But I want to reflect on how we got here. Theologians cover in depth our depravity, and they have done an excellent job, as far as it goes. But actually it is revealed in Scripture that we (mankind) are almost the postscript in a story that has been going on for a very long time. There are other beings, called angels (it is a wonder to me, but if I called these angels aliens, many people would perk up, willing to believe in that which we have not been told about instead of that which we are told about) and these angels were involved in a struggle in heaven. God evidently sent mankind, that these insignificant beings should be, to the wonder of heaven, the very instrument to bring about the demise of Satan.

We are, as I have written elsewhere, the pawns on the chessboard of life. But the insignificant pawn suddenly becomes very important in the chess game when the pawn finds itself on the seventh rank. All of a sudden the game focus shifts totally to that pawn, as the mover tries to “queen” his pawn, and his opponent does everything possible to prevent that. We are the pawns, on the seventh rank. Suddenly the whole focus of heaven is upon us, waiting for the significant move that God is about to make.

But let’s look at things from the point of view of the pawn, who scarcely knows what is going on. All of the other pieces are suddenly focusing on his power, but he does not much understand how he, being so little and unimportant, has become the center of attention. So we little understand the rules of the game; we cannot see why God should suddenly make us so important. Yet, with the Incarnation, he did just exactly that, deciding to become flesh, reconciling the world to him, but also bruising the Serpent’s head. In the cross lies the chess move of God, if you will, making man to suddenly be on the seventh rank, and in lifting the Son up, pronounces simultaneously the bruising of the head of Satan, and the lifting up of men to become the Sons of God.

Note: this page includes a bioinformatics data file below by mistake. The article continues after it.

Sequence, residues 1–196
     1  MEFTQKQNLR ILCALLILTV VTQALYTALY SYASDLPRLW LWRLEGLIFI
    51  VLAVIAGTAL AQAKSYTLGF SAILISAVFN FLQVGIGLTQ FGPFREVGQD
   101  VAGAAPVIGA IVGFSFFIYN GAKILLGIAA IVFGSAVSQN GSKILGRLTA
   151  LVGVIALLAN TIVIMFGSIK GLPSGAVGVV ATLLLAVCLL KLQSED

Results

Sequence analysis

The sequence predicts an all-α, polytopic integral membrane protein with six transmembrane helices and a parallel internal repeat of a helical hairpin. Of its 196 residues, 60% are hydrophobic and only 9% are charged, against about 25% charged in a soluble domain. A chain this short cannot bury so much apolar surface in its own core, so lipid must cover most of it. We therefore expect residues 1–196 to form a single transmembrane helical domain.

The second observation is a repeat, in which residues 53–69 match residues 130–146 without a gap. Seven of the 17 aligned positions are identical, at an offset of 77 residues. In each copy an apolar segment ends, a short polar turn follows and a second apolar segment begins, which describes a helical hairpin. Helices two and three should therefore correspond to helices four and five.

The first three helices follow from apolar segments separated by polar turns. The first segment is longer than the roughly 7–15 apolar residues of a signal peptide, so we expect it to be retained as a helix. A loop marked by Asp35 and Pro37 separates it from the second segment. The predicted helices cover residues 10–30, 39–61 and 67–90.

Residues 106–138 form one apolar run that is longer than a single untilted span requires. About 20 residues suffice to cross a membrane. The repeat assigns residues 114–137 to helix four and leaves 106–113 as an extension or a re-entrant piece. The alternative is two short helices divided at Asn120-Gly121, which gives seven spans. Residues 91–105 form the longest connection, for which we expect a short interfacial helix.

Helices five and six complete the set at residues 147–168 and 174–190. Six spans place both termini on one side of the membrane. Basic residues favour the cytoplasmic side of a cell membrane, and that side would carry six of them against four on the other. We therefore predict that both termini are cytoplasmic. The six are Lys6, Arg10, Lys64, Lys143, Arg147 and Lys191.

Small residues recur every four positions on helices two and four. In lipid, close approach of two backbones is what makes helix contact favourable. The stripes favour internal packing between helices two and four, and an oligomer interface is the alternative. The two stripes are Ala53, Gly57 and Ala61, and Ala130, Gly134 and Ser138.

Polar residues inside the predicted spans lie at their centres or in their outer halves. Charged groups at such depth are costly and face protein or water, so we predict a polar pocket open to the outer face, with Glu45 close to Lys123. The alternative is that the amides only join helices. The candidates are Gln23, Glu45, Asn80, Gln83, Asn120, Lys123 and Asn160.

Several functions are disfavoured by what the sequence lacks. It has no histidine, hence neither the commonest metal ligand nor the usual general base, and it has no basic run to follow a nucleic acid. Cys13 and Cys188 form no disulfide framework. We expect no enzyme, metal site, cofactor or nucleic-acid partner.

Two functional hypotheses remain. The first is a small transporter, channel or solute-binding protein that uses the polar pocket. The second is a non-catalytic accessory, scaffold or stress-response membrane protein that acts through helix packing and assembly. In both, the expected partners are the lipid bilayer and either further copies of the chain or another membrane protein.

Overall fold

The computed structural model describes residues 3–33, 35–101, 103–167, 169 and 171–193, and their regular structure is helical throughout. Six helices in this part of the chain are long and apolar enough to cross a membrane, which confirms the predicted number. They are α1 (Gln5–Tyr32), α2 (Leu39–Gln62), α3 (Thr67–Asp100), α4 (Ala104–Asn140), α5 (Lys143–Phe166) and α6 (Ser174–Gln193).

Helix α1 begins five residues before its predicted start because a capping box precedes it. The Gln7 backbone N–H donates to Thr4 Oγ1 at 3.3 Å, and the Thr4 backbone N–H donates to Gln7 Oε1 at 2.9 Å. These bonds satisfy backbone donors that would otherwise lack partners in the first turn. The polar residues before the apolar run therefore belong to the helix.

Remember that this lifting up of man in the incarnate man is a marvel in all of heaven—it is almost as if the rules of the chess game have changed, to the utter amazement of watchers. Now we await the final promotion, when the pawn is crowned and the new queen presents herself to the King. Rules that we cannot understand or begin to fathom, but why should we expect to understand? Has he not asked us to walk by faith?